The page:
When my son was two or three, we started playing musical games after dinner. We had a regular evening dance schedule when he was a baby, but the games were a whole other level. We would listen to instrumental music and let it speak to us, imagining the story that might go along with it. Did it sound like cowboys, or aliens, or like fish swimming through the ocean? I asked, “what’s happening in the music?” and we acted out the answer together. As I look back on it, this time was the foundation for the philosophy and structure of the preschool music curriculum I would create years later, but back then, it was just precious, sometimes silly, heart-to-heart time with my boy.
We listened to Aaron Copland’s ‘Appalachian Spring’, and came up with a complex, multi-faceted story for the whole twenty-two minute long piece. We were trees swaying in the breeze, then cowboys going out to feed our cattle. Then we were fishermen, and then the river itself. It was nighttime, morning, and nighttime again before the piece was done. Torrential rains poured, then quieted. We pulled on big boots to set out to check on all of the animals. We rode wild horses around the circular floor plan of our house. As the music softened, we came back to rest at the ranch, or on the open prairie, nap for a few seconds, and then start a new adventure. Our tightly choreographed, twenty-two minute number became a daily post-dinner ritual which remained until my daughter was big enough to join in, and for a bit after that.
At the end of the piece, there is a soft, slowed down lead-up to a set of variations on the tune of ‘Simple Gifts’. By then, we were cowboys after a long day of work, sitting down around a campfire made with pillows or ripped up colored paper. We watched the sunset together and offered each other cocoa, coffee, or fresh fish from the fire. We sat back. We were grateful. Those last seven minutes of ‘Appalachian Spring’ were the most precious part of each day for me. We held up a new finger each time a new variation would start, lit up when the brass instruments came in at the fifth variation, marveled at how it sounded like kings and queens. We were really listening. We heard something that sounded like fireworks, or like someone sliding down a rollercoaster. By the last variation, we had heads on pillows and were watching for the first stars to come out in the night sky. The music quiets down quite a bit then, and you have to be really patient to hear it. To most, it would sound like three bright bells ringing in succession, but to us, they really were stars, truly capable of wish-granting. We held hands and squeezed at each sound, wishing on each star, silent and happy in waiting for them together.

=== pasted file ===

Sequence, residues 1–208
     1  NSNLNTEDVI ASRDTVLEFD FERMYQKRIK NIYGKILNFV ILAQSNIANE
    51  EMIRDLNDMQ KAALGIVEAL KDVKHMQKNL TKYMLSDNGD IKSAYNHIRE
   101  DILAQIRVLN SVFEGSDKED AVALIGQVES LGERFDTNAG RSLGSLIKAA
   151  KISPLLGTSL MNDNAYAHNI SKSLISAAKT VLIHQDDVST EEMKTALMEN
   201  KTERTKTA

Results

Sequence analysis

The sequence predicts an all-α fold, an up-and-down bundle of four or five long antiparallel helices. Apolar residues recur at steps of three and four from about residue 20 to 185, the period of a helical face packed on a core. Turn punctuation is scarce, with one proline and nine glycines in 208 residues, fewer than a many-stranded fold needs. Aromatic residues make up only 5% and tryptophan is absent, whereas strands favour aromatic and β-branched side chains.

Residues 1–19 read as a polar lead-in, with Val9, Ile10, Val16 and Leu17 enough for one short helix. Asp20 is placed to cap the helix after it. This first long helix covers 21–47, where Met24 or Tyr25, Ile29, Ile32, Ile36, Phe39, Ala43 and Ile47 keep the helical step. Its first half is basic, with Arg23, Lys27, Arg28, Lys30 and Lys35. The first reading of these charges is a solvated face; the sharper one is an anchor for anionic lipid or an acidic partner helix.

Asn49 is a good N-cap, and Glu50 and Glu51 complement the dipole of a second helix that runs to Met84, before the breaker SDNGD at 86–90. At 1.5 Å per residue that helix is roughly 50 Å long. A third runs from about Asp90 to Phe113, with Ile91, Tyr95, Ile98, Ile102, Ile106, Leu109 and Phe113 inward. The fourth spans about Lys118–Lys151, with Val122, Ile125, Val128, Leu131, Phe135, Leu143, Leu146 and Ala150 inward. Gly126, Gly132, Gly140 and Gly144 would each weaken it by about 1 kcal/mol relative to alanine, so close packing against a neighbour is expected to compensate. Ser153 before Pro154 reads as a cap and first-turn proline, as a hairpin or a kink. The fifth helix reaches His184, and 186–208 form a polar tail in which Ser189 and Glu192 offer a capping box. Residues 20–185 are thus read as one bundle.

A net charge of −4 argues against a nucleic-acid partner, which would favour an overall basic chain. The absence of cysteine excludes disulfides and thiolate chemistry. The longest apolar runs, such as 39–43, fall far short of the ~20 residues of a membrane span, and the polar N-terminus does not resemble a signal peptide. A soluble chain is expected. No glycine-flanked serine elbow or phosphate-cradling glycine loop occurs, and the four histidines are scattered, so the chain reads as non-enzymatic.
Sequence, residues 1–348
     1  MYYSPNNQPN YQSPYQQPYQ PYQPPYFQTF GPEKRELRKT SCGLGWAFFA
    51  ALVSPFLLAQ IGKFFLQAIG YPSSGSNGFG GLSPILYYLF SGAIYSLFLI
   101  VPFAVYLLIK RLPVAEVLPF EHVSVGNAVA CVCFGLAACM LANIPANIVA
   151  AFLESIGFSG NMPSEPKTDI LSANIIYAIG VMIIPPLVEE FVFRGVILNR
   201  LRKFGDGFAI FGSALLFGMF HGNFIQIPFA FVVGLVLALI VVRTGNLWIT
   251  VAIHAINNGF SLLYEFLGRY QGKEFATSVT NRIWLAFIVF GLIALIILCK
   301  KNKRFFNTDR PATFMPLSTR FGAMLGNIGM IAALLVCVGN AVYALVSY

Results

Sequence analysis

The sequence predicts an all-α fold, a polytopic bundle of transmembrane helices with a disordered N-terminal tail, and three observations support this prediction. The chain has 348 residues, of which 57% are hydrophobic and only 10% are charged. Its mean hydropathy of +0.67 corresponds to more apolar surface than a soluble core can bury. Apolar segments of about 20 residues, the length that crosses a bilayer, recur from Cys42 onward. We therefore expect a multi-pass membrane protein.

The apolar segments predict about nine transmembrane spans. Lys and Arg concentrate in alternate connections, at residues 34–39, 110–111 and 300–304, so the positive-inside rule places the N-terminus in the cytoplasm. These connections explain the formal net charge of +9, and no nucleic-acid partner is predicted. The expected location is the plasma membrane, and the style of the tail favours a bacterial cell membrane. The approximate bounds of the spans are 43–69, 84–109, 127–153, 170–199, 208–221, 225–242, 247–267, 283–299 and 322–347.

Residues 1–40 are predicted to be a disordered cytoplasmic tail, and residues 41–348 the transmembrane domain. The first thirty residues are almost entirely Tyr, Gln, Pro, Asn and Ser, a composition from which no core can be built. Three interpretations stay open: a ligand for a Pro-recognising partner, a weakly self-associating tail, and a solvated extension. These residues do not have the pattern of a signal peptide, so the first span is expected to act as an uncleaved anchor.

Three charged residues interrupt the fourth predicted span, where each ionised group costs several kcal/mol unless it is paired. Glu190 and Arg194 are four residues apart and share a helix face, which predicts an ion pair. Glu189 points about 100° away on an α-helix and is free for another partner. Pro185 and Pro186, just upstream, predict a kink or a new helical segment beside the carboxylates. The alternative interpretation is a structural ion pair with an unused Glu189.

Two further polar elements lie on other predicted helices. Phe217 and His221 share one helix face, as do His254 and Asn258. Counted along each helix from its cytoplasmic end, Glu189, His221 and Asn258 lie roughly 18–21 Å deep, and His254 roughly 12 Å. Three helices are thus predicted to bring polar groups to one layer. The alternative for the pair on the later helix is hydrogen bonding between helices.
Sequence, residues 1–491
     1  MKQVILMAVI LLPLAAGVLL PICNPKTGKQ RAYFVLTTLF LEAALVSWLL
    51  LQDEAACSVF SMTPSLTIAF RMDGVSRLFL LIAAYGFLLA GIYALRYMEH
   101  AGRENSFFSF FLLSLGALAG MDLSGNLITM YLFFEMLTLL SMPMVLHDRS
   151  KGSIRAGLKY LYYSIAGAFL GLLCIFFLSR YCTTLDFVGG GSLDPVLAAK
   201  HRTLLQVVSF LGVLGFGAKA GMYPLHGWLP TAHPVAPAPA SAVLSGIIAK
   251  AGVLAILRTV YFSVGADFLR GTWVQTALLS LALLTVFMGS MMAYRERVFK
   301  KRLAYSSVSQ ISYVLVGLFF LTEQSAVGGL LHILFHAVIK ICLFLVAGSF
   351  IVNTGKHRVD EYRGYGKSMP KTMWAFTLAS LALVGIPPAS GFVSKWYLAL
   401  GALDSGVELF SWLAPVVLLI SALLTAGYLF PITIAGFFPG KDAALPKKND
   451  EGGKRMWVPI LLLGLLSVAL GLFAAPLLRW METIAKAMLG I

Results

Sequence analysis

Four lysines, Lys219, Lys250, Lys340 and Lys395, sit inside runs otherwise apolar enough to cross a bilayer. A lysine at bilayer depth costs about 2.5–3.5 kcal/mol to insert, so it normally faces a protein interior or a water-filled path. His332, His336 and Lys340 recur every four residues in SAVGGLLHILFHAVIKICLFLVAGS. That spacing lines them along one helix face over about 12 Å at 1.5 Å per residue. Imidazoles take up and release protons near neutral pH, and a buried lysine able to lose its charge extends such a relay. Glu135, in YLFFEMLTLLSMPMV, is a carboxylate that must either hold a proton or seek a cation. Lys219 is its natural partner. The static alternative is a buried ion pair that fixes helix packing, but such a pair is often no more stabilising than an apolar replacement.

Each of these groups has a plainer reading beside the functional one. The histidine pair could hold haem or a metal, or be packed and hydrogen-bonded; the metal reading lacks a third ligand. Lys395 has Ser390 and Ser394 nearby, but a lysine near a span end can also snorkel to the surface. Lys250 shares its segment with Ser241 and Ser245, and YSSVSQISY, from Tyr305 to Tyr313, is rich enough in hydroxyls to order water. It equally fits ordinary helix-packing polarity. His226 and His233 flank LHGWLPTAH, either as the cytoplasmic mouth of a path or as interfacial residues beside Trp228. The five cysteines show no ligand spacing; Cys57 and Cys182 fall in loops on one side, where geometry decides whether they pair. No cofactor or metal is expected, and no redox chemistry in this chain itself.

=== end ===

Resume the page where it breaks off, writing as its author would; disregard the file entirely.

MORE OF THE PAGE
Today, I was at yoga, during shivasana, the last bit of class where your body stills and your mind is finally free from focus. Since the death of my mother a year ago, I often cry during this part, and I hear that’s not uncommon. Lately, I find myself missing her take on mothering, especially as we enter the mysterious teenage years. More than anything, she loved my kids, thought they were amazing, and said so. She thought I was a really good mother, and sometimes she was right about that, but not always. Teenage years are a particular crucible, a whole other landscape, and I often can’t find sure footing. I was thinking those thoughts during shivasana, and crying of course, when the teacher suddenly rang a low, bowl-shaped bell. The sound brought me right back to those evenings in which I held my little boy’s hand, our heads on hunter green pillows, our eyes to the night sky. She rang it again, and I squeezed the hand of my little boy who was not next to me but who is always in my heart and my thoughts. Then one more time, the last bell, and the last wish. I squeezed his hand in my own again and wished only goodness for him as he travels from me and becomes the man God intended. I asked my mother to guide him, and help him to know just how abundantly he is loved, and for that love to fuel him forward. On that mat, surrounded by strangers, I cried some more.
As we make our way on twisting roads, it sometimes feels too dark to know where next to step, and impossible to know where this road is leading. Thank God for stars.
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